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What Makes Engaging B2B Social Content

Why do you login to your various social media accounts? Is it to be entertained by videos and images? Catch up on the latest news in your industry? Engage with colleagues? My hunch says you do all of the above.

Nobody has time to sift through every piece of content on social media though. We quickly scroll through our feeds, bypassing updates that do not grab our attention. So how do we as social marketers create content that is not ignored? Here are some absolute musts for creating engaging B2B social content.

The content must be a balance between entertainment and education

Let’s look at marketing content as a spectrum. On the left we have lengthy and boring technical data sheets and white papers. On the right, we have funny videos, memes, and other amusing pieces. While we all need to push the left content to our audiences, we need to incorporate aspects from the content on the right to grab our audience’s attention. The middle of the spectrum is where we as B2B social marketers need to be.

Gary Vaynerchuck writes in his book Jab, Jab, Jab, Right Hook, “If we want to talk to people while they consume their entertainment, we have to actually be their entertainment.” But not only is our B2B audience looking for entertainment, they are also seeking information and new insights so they can be ahead in their industry. Some examples of good content for this include infographics, informational short videos, and visual SlideShare decks of key highlights. We must strike a balance between informative and entertaining content, such as the examples below.

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3 Tips for Growing your Network with LinkedIn

In the social media world, Facebook and Twitter get a lot of time and attention. Both platforms have huge user bases and appeal to both businesses and consumers. However, LinkedIn is the go-to professional network for over 347 million members in over 200 countries worldwide.

When I originally started using LinkedIn it was generally more of a consumption model – meaning people looked at content but didn’t necessarily engage with that content. I know my personal habits were to post some things, update my profile as needed, and “just browse” what was going on with my connections. Over the past couple of years, LinkedIn has made significant changes to their user interface (UI) to encourage more content posting and engagement within the platform.

Here are three top tips to leverage LinkedIn’s feature to help expand your network.

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Networking Goes Social

As you probably know, networking can bring your career to a new level. Who you meet can open a variety of doors – you’re able to meet new clients, gain referrals, meet future peers, find a mentor, or begin a new partnership. The possibilities are endless.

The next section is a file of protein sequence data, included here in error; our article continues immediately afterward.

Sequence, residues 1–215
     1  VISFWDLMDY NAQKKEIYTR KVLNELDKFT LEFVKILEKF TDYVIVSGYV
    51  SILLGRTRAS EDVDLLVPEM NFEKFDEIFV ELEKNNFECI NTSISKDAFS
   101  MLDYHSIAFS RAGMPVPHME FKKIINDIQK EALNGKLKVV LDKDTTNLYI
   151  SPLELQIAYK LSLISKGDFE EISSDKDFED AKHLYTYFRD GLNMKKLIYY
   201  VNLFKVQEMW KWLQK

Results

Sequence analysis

Gone are the days where you would print out a stack of business cards and keep them in your wallet to hand out wherever you go. Now, with the digital age, your business card is your social presence. Interacting with someone digitally is the new norm; connecting with a colleague on LinkedIn, tweeting at your favorite brand or company, sharing your favorite articles on Facebook – these are all ways to network from right behind the keyboard.

Networking Goes Social

So, what’s the benefit of getting active on social networks? Here are my top three benefits for taking your networking skills to the computer:

Reach Brands Directly. Many brands are active on social media and are curious about how their customers and partners are using their products. Use this to your advantage and start a conversation about their latest launch, an article they posted, or good customer service. They’ll likely respond back with a follow-up question or a kind note as a way to thank you for reaching out.

Save Time and Money. While you should continue to go to live events when possible, you can network through social channels whenever and wherever you go. You can reach out to brands on Twitter, Facebook or LinkedIn through your phone or desktop without the hefty price tag that comes with traveling.

Interact with Industry Leaders. If you refer to an article written by an industry leader, tag them by using @[their handle]. On Twitter, for example, many company executives and brands will favorite or retweet your post as a way of engaging back. It’s a way of interacting with people you might otherwise not get the chance to.

Have you started networking online? Share your thoughts in the comments.

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Cisco Focus: The Year in Review

Everyone loves “year in review” articles, slideshows and wraps, right? Well, I do. Cisco’s fiscal year ends July 26, so I thought it would be an appropriate time to give our fiscal year in review for the Cisco Social Media team and all the great content that we produce week-in and week-out.

We created and run “The Network: Cisco’s Technology News Site.” This is where we have great journalists writing stories about the impact that technology has on your life or your business. We also create short, informative videos that highlight Cisco Innovators, our Leadership team, and other video series like “My Networked Life” or “City of the Future: Songdo, Korea.” And, whether you are a customer or partner…or are just interested in technology, we invite you and encourage you to take our content for your own site and re-use it or share it.

Last August, we launched our monthly digital magazine entitled “Focus.” Each month we do a deep dive on technology topics that we care about and that the industry cares about. You can see all the issues here.

Our Top 3 Issues this year:
1.       Technology in Education
2.       Women in Tech, and Read More »

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Professional Social Media: From the Eyes of a College Kid

Social Media has been an integral part of my life ever since my Mom allowed me to create a Facebook page my freshman year of high school. Sites like Facebook, Twitter, LinkedIn, and even Webex Social, have completely changed the way I interact with others.